I can think of a couple of other examples where subjective engine noises get attention - the case of the V8 that wouldn't rumble, and the turbo exhausts that blew raspberries (you can probably guess what that was).

I also had some reasonably definitive recordings of engines that had top spec mains and big ends, vs those with wide open bearings.

Falcon, briefly, had a 12 counterweight crankshaft which I helped design (actually ISVR in the UK did the balance design), that went into production solely to improve the sound of the engine. I think it lasted for two years before being cost reduced out.

This is the secret weapon for engine noise development, the binaural head isn't necessary, but the real time filtering /synthesis software is the biz.

http://www.head-acou.../nvh_hms_IV.htm



#67 Wolf

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Posted 12 November 2012 - 03:15

Desmo, didn't that documentary about McLaren road car feature the sound engineer being brought to help design the sound they wanted?

(On a more or less related note, I stopped paying attention to anything from car industry, as well as those ghastly car shows on TV after seeing a piece on Audi's 'smell department' where they tested and designed the smell of a new car, tested how different materials smelled when combined and when exposed to heat, &c and finally went around the car sniffing around like a bunch of hound dogs- that was the last straw for me... It would be bad enough that they were doing something like that, but bragging about it?!? FFS!)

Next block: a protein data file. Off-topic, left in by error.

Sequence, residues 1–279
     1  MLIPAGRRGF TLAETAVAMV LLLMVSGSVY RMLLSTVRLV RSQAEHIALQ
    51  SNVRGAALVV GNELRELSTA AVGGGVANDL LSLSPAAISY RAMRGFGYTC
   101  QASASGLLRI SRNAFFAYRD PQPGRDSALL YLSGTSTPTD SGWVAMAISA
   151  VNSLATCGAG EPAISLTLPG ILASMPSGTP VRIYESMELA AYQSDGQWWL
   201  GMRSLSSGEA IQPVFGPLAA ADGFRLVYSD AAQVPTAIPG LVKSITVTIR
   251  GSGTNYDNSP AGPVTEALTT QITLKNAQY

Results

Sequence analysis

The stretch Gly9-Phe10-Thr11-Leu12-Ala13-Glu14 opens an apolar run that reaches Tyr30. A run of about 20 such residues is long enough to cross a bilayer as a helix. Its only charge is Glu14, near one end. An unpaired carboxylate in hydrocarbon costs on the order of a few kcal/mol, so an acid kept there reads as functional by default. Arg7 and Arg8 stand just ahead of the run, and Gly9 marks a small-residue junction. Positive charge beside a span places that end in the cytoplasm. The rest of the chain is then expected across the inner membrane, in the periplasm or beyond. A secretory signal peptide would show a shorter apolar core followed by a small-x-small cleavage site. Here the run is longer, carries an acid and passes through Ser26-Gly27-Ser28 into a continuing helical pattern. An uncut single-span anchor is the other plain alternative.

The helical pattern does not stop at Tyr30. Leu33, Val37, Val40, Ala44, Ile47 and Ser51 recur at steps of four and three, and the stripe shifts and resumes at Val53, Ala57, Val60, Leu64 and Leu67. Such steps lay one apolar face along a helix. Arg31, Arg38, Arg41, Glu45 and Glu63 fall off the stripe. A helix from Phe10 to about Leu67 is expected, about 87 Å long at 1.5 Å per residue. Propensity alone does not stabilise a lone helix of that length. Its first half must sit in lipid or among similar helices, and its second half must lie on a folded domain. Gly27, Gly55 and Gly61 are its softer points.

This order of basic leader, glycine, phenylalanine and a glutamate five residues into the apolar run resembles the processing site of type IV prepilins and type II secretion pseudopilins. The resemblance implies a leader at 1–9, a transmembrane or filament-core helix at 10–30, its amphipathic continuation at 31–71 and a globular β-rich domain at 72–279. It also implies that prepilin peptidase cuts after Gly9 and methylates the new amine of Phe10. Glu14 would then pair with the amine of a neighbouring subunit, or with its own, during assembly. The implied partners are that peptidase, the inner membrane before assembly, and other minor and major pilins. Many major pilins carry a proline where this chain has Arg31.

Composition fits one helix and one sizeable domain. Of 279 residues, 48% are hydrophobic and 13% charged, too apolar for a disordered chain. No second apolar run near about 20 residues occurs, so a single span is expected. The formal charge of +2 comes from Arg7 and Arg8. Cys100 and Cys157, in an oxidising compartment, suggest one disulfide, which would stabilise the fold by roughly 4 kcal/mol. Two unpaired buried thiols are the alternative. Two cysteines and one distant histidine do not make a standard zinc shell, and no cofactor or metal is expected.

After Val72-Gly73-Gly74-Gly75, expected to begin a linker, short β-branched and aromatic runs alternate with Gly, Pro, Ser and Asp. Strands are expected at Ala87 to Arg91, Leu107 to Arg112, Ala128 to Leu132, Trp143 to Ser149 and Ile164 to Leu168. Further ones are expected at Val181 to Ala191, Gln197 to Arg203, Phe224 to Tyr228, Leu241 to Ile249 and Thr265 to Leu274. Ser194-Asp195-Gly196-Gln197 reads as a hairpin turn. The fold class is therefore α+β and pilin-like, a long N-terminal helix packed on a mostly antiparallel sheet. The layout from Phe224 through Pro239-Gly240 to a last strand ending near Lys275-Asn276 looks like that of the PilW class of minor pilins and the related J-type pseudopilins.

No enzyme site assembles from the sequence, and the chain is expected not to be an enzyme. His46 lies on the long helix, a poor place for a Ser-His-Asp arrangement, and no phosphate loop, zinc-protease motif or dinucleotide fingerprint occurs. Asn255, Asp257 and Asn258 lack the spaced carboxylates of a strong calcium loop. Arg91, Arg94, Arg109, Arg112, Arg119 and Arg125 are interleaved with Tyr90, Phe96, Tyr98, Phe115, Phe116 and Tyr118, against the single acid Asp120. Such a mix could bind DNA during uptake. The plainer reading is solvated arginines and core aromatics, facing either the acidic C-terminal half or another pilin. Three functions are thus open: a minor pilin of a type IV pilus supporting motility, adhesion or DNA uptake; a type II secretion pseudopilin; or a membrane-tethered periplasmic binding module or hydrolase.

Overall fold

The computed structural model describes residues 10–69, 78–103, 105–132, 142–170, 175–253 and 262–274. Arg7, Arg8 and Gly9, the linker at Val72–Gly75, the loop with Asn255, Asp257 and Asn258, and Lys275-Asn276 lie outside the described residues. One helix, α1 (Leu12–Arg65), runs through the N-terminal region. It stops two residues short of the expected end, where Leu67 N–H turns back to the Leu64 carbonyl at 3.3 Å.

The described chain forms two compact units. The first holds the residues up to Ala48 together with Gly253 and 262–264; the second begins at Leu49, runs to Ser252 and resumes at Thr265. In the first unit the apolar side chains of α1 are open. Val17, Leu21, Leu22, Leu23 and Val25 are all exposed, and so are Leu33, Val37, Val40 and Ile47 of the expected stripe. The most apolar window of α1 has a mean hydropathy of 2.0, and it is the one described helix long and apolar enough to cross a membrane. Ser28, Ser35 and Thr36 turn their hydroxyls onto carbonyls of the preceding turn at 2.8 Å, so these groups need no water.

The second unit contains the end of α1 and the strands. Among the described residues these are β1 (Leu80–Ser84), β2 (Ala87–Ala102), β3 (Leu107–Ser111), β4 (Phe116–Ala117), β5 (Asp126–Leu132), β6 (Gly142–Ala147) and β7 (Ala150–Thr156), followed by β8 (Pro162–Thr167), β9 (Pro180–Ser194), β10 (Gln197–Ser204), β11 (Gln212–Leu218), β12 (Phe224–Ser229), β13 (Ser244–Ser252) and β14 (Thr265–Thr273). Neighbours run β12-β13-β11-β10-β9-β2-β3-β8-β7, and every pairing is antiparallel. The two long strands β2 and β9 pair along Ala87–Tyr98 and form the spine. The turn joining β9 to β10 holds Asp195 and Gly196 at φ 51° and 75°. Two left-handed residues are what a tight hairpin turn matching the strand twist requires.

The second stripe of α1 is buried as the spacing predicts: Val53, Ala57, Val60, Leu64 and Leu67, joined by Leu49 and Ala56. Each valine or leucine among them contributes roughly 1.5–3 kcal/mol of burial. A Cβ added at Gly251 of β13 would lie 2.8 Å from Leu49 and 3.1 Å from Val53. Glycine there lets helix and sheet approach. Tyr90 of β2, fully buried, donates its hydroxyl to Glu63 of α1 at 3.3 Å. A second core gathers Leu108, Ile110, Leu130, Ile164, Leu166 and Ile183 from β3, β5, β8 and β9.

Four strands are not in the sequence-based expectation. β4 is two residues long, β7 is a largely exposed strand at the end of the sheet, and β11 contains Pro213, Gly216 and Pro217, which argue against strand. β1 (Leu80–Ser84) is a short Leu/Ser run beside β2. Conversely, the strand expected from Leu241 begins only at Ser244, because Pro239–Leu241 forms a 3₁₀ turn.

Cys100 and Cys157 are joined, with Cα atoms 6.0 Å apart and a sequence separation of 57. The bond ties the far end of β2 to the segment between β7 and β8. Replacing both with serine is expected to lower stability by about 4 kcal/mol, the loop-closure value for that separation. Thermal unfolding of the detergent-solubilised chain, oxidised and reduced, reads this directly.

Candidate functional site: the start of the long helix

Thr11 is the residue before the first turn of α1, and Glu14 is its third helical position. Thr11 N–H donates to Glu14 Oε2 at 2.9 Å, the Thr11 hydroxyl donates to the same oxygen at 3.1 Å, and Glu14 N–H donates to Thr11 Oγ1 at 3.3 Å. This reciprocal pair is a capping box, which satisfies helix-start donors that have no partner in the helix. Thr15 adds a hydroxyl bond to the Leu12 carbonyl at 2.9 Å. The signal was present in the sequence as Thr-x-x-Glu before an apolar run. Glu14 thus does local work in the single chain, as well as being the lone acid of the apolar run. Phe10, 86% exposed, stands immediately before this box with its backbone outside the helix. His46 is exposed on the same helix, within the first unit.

#68 Magoo

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Posted 12 November 2012 - 03:42

http://www.popularme...e-roar-11291754




#69 Greg Locock

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Posted 12 November 2012 - 05:07

http://www.popularme...e-roar-11291754

Indeed. Camry has a mufffler bypass valve as well!

here's the latest on a project started by a friend of mine 25 years ago, in which he synthesised the sound of a corvette synced to the throttle pedal and rpm of a little Citreon http://www.greencarc...-engineeri.html - looks like it hasn't really found a home yet.



#70 desmo

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Posted 12 November 2012 - 05:35

Funny isn't it that cars and motorcycles sounded better before all this marketing department inauthenticity?

#71 Tony Matthews

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Posted 12 November 2012 - 07:36

Uncanny!

My father had a binaural tape recorder, may have been Hitachi, the headphones had microphones in each earpiece, and a polystyrene head was included with a threaded insert in the neck for mounting on a tripod. You could use either this ghostly interpretation of a human or walk around wearing the 'phones. I borrowed it for the British GP at Silverstone in about 1983, the playback was stunning, but could have been better, as I had a tendency to swivel my head to follow the cars visually, which sometimes gave rather confusing results aurally. I have no idea where the tape is, and of course, no tape player.

Look at this old disc I found! It says Bluray or something, no idea what that is - what's it supposed to do?

Edited by Tony Matthews, 12 November 2012 - 07:57.


#72 Magoo

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Posted 12 November 2012 - 12:25

Funny isn't it that cars and motorcycles sounded better before all this marketing department inauthenticity?


In cars they've done their best to eliminate road, wind, and mechanical noise, producing - arguably - a sterile driving experience for enthusiasts. Got to replace it with something.

Personally, I like it quiet when driving a contemporary car. I'm listening to the stereo.

#73 Magoo

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Posted 17 March 2013 - 21:28

Another miniature engine by Ron Colonna -- Harley Panhead:


http://www.macsmotor...like-a-big-one/